noissue’s other packaging products include custom branded compostable packaging tape and stickers, which are both printed on FSC Certified paper using soy based inks, as opposed to traditional petroleum-based ink.

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Their tape uses a starch-based adhesive which activates when wet, preventing storage issues and avoiding the problem of wax/plastic coating on most other available custom packing tapes.

Their other main offering is custom printed and branded tissue paper. Like noissue’s other products, the tissue is FSC Certified, and all the ink used is soy-based – making this a great eco-friendly packaging option for craft sellers and jewellers. Worried about buying in bulk and then the paper deteriorating over time? All of noissue’s paper is acid-free paper, meaning that it won’t deteriorate or yellow as quickly as conventional paper. From a customer perspective, acid-free paper lasts longer and can be reused more.

Of course, more environmentally friendly packaging won’t save the planet on its own – we all need to be more mindful of our own consumption and stop buying stuff we don’t really need but at least for the things we do need to buy online it’s reassuring to know that better options are out there.

weekend links

Ten Things

Well, hello there! I have had a little break from Ten Things. I’ve been writing Moral Fibres for nearly 7 years now, and this post here is the 100th Ten Things I’ve written. I spend my Saturday evenings writing these posts ready for Sunday morning, and just really needed some time off to rest and revive and tend to other areas of my life, but it’s good to be back!

This week’s links:

1 The IPCC have this week warned that the world’s oceans are in trouble, with far-reaching consequences.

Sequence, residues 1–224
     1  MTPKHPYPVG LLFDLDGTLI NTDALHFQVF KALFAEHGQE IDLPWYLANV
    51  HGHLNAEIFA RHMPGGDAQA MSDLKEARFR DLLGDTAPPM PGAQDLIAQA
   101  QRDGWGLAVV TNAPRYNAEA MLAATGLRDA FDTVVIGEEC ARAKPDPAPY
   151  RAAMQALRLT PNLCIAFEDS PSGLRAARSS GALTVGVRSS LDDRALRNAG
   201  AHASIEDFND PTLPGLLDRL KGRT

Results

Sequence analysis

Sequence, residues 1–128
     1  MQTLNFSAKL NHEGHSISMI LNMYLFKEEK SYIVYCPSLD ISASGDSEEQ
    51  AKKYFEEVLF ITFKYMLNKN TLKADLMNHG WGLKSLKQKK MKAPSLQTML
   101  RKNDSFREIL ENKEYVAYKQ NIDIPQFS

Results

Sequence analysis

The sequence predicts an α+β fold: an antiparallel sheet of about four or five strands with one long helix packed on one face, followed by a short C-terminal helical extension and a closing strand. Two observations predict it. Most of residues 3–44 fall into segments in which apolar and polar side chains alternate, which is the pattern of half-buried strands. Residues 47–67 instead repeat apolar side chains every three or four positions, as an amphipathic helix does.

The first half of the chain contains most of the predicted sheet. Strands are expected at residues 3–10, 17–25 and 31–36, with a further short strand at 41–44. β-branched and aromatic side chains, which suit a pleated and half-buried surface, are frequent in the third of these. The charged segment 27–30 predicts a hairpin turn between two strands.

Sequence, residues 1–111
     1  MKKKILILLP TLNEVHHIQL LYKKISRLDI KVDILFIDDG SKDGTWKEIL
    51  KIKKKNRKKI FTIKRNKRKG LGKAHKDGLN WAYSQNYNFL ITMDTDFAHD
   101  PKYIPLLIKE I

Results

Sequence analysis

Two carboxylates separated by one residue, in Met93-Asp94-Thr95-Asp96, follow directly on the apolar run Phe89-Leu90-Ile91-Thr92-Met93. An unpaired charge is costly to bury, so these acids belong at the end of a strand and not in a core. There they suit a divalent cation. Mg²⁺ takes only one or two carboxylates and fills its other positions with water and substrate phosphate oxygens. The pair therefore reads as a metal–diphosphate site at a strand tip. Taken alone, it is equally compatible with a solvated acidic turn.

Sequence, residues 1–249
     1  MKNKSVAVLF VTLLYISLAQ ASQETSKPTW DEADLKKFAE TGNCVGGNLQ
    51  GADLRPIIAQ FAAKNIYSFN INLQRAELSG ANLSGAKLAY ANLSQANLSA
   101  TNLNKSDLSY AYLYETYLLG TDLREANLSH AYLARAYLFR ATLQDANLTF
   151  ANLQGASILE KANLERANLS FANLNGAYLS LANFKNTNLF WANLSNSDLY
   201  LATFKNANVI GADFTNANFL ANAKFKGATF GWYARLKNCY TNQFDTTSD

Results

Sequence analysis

2. “You have stolen my dreams and my childhood” – powerful words from Greta Thunberg.

3. Despite the news coverage, Greta Thunberg isn’t the only climate activist you need to know. The movement is bigger and more diverse than you think, and they’re doing amazing work.

4. Premium teabags are leaking billions of particles of microplastics. Here’s an oldish guide to plastic-free teabags that I’m working on to update. Watch this space!

5. Hope! Climate activists are suing Europe’s biggest coal plant.

6. Figures released on air travel patterns in England bolster calls for a frequent flyer levy, a proposal under which each UK citizen would be allowed one tax-free flight per year but would pay progressively higher taxes on each additional flight taken, after it has been found that the 10% most frequent flyers in England took more than half of all international flights departing from England in 2018; whilst 48% of residents did not fly at all.  I am all for this levy – when we live in an age of Skype and Facetime somebusiness trips are becoming more and more obsolete.

7. Russia – the world’s fourth-largest polluter has finally ratified the Paris Agreement, but it’s not cause for celebration yet. Russia’s pledged targets are so low that they could increase their emissions and still meet the Paris Agreement targets.

8. More than 130 seal pups were born in the River Thames in one year – 60 years after being declared “biologically dead”.

9. I loved this.

10. Finally, the Woodland Trust is asking one million Britons to plant a tree on 30th November after the UK government missed its tree-planting targets. The Trust said it recognised planting trees was not a ‘solve all’ for climate change, but that it would help individuals to collectively make a real contribution to the problem. They also recognise that trees will also need to be cared for after planting to ensure they survive, so people are being encouraged to participate beyond the planting stage.

Back next Sunday for post 101!

Wendy.x